In many debates about the
inline keyword in function declarations, someone will point that it can actually make your program slower in some cases – mostly due to code explosion, if I am correct. I have never met such an example in practice myself. What is an actual code where the use of
inline can be expected to be detrimental to the performance?
In many debates about the
Exactly 10 years and one day ago I did this commit in OpenBSD:
The commit message was:
deinline splraise, spllower and setsoftint. Makes the kernel smaller and faster. deraadt@ ok
As far as I remember the kernel binary shrunk by more than 100kB and not a single test case could be produced that became slower and several macro benchmarks (like compiling the kernel) were measurably faster (5-10% if I recall correctly, but don't quote me on that).
Around the same time I went on a quest to actually measure inline functions in the OpenBSD kernel. I found a few that had minimal performance gains, but the majority had 0 measurable impact and several were making things much slower and were killed. At least one more uninlining had a huge impact and that one was the internal malloc macros (where the idea was to inline malloc if it had a size known at compile time) and packet buffer allocators that shrunk the kernel by 150kB and had a significant performance improvement.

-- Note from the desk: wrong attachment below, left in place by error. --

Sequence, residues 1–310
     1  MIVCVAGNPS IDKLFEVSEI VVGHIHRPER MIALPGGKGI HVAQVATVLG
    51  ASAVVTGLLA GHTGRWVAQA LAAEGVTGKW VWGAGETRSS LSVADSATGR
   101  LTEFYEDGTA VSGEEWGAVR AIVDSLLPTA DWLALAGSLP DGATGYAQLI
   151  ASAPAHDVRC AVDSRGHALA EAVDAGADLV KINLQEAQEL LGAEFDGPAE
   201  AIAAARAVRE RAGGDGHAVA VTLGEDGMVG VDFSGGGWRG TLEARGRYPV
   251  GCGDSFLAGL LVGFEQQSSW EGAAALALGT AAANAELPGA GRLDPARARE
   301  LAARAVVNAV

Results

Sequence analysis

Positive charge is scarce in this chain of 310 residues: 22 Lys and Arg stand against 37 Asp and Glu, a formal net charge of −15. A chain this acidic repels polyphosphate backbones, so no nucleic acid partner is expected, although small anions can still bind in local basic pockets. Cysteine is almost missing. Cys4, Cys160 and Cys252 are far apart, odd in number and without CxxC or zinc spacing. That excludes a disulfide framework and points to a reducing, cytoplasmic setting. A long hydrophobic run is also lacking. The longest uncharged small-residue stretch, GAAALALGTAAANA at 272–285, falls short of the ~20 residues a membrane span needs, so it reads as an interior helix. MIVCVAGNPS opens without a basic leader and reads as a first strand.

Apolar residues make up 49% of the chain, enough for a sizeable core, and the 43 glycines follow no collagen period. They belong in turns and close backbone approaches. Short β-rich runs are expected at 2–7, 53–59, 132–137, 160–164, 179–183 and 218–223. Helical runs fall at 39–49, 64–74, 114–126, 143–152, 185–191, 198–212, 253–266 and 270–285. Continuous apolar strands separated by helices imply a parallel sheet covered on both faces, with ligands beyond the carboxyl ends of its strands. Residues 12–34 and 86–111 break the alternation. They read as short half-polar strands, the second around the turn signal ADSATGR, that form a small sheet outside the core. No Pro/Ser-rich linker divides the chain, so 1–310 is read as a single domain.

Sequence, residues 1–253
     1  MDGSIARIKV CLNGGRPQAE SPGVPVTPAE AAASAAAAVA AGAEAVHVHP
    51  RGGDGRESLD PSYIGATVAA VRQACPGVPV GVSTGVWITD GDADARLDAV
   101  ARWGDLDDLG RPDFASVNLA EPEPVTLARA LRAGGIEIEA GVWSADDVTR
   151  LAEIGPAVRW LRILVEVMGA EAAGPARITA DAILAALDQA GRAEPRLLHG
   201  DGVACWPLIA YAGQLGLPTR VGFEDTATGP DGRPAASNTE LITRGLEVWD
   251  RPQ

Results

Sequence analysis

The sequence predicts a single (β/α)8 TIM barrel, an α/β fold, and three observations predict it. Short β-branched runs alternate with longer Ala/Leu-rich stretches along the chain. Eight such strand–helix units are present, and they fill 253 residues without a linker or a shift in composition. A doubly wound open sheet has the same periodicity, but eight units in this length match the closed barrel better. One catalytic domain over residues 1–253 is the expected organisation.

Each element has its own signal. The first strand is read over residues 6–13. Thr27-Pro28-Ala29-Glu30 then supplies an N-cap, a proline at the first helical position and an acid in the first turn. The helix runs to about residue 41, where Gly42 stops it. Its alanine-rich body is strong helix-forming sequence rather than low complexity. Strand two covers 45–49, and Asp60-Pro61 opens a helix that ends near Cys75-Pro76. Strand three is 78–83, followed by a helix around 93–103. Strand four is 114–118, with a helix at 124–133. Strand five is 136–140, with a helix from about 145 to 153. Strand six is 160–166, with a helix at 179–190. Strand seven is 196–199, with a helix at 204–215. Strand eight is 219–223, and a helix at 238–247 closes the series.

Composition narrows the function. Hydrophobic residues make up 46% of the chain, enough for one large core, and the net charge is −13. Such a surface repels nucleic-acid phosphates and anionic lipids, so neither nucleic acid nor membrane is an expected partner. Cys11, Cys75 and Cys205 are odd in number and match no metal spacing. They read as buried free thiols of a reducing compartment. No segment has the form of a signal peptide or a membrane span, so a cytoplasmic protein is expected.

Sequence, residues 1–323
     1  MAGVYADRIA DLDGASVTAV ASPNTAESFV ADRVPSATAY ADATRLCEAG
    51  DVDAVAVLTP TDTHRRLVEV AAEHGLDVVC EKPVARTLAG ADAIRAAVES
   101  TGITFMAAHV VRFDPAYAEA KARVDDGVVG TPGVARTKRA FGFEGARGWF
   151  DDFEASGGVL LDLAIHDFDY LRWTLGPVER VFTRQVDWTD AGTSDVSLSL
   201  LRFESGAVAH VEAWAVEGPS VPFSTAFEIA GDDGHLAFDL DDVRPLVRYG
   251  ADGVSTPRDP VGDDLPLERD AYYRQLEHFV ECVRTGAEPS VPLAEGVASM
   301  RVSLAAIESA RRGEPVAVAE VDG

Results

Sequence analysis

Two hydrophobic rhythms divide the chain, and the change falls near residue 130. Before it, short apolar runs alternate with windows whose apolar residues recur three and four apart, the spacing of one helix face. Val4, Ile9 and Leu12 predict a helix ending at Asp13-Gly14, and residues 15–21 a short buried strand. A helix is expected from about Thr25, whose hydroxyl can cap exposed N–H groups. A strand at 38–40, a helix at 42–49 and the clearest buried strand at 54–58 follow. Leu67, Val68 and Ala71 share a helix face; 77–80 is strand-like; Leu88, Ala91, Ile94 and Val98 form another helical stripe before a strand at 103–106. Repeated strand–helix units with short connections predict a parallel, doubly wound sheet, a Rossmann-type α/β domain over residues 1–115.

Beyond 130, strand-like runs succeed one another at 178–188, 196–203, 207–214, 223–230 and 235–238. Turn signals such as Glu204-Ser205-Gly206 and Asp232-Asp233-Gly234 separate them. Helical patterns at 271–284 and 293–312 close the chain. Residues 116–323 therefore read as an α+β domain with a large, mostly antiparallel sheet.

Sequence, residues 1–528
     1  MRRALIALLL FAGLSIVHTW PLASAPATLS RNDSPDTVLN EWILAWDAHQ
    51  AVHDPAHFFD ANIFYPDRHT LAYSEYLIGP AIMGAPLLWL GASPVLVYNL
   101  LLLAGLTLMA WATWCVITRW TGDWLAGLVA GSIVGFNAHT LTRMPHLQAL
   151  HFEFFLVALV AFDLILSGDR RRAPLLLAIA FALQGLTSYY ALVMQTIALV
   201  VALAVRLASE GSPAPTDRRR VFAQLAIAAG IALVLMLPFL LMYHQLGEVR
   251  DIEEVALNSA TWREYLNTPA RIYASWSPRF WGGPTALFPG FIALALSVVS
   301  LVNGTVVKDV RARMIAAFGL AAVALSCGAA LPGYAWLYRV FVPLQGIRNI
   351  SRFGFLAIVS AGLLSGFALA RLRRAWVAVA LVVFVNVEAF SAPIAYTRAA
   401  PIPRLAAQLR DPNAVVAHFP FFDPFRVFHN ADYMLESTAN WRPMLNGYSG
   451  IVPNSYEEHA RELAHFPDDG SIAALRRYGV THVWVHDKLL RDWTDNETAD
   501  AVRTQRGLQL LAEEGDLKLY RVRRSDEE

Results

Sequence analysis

One could speculate, although I have no proof, that this is because the kernel is large and we're struggling to stay inside the cache when executing system calls and every little bit helps. So what actually helped in those cases was just the shrinking of the binary, not the number of instructions executed.
Imagine a function that have no parameters, but intensive computation with a consistent number of intermediate values or register usage. Then Inline that function in code having a consistent number of intermediate values or register usage too.
Having no parameters make the call procedure more lightweight because no stack operations, that are time consuming, are required.
When inlined the compiler have to save many registers, and spill other to be used with the new function, reproducing the process of registers and data backup required for a function call possibly in worst way.
If the backup operations are more expansive, in terms of time and machine cycles, compared with the mechanism of function call, especially if the function is extensively called, then you have a detrimental effect.
This seems to be the case of some specific functions largely used in an OS.